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Apr 5, 2012

It’s quills at ten paces as Australian Poetry director walks

It may not quite be Lord Tennyson's Charge of the Light Brigade but the recent ructions inside Australia's peak poetry body have left some literary insiders scratching their heads at how it has quite come to this.

It may not quite be Lord Tennyson’s Charge of the Light Brigade but the recent ructions inside Australia’s peak poetry body have left some literary insiders scratching their heads at how it has quite come to this.

Two weeks ago, in a long and passionate email, the Director of Australian Poetry Ltd, Paul Kooperman, hastily vacated his prized position, accusing board members of abandoning him after a long period of creative tension.

“I think it’s taken me a while to come to grips with the fact that the situation is beyond repair,” Kooperman wrote despairingly. The decision was “less a logistical one and more a philosophical one — about the difference in attitude, background, expectations and vision for the organisation by different staff and Board members from these two previous organisations.”

Kooperman accuses board members of breaching their directors duties by failing to act in the best interests of the organisation and reveals he has referred the alleged malfeasance to the Australian Securities and Investment Commission and peak funding bodies the Australia Council and state-based arts quangos.

“Board Directors have acted with self interest in an attempt to control the organisation, placing pressure on the budget, programming, disempowering staff and operating (and making key decisions) without any due process in place,” he wrote.

Kooperman was immediately banned from Australian Poetry’s Wheeler Centre offices and issued with a formal cease and desist letter. His departure follows the sudden resignations of general manager Robert Lukins and publications manager Victoria Amy, who both downed quills amid an all-consuming factional war reminiscent of the Victorian branch of the ALP.

The organisation is now in limbo with new staff being brought on to salvage the ship and acquit a number of outstanding grants. A temporary director, Cathy Brown-Watt, has been appointed.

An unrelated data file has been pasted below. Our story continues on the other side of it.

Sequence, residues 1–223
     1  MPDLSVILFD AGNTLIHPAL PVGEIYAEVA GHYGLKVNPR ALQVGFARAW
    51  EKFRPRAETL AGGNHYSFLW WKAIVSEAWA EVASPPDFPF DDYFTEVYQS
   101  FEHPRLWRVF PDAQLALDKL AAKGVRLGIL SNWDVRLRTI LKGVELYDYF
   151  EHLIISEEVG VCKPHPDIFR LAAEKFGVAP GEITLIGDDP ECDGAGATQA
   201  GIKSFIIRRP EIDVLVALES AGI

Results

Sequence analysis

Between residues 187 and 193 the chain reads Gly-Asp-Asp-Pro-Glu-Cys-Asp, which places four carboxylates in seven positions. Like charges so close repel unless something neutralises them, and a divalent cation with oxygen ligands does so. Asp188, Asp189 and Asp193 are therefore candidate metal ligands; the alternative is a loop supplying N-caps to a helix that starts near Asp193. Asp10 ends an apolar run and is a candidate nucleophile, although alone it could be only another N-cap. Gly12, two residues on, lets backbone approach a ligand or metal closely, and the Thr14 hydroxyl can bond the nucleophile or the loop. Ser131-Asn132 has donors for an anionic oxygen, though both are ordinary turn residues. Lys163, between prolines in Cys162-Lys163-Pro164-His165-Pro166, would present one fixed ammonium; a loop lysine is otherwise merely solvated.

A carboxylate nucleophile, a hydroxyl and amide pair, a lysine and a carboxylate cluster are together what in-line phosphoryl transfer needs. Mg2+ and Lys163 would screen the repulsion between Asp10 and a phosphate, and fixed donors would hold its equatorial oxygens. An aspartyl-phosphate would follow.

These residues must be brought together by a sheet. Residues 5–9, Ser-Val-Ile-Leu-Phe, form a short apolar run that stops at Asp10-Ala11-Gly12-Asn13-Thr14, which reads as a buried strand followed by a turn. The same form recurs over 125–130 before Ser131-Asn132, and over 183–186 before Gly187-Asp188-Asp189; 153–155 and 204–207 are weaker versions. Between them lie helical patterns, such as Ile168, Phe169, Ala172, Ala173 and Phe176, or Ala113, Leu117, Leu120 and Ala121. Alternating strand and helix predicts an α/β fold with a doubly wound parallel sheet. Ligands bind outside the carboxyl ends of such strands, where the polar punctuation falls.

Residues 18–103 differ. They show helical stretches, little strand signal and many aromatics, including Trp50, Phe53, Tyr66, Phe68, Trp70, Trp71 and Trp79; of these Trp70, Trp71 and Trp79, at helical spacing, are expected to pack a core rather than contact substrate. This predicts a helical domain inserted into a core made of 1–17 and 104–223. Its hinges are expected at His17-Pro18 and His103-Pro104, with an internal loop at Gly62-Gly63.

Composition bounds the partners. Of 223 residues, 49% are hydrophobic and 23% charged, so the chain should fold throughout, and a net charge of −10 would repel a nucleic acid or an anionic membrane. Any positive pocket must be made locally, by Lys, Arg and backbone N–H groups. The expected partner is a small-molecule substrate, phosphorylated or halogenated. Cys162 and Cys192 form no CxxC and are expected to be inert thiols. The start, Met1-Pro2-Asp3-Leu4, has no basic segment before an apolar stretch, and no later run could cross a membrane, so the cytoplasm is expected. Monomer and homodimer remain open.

The split can be partly traced to the merger of the old school NSW-based Poets Union and the Melbourne-based Australian Poetry Centre in 2011. But Kooperman also says an apparent hostility to a straitened business-like approach left him hamstrung. Crikey understands that other points of contention included lukewarm support for poetry slam events and, according to one insider, “anything online”.

Australian Poetry’s flagship publication is its Australian Poetry Journal. This has subsumed the old Poetry Centre’s Blue Dog and the Poets Union’s Five Bells following the 2011 merger.

Crikey understands that Kooperman and Australian Poetry’s Treasurer, Marcus “Dr Business” Powe (also RMIT University’s Entrepreneur in Residence) formed a two man bloc dedicated to setting the organisation on a rigorous fiscal footing.

This chafed with the majority of the board, including scene veteran and chairman Chris Wallace-Crabbe, NSW-based secretary Anna Kerdjik Nicholson and respected published poets David Musgrave and Margaret Bradstock.

The final straw came after a tense staff review process:

“I have always been optimistic that things were going to improve, but at my staff review last week, and a meeting with the Chair and Treasurer more recently, it was clear nothing has changed and the Board seems less interested in negotiating a positive outcome and more interested in having things their own way.”